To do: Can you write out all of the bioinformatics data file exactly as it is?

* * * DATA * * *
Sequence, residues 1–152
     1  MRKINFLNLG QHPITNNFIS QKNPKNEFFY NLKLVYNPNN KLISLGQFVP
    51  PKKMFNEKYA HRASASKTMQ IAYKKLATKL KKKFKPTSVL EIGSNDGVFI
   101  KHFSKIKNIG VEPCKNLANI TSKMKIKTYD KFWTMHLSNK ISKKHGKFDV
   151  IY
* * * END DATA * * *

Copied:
Sequence, residues 1–152
     1  MRKINFLNLG QHPITNNFIS QKNPKNEFFY NLKLVYNPNN KLISLGQFVP
    51  PKKMFNEKYA HRASASKTMQ IAYKKLATKL KKKFKPTSVL EIGSNDGVFI
   101  KHFSKIKNIG VEPCKNLANI TSKMKIKTYD KFWTMHLSNK ISKKHGKFDV
   151  IY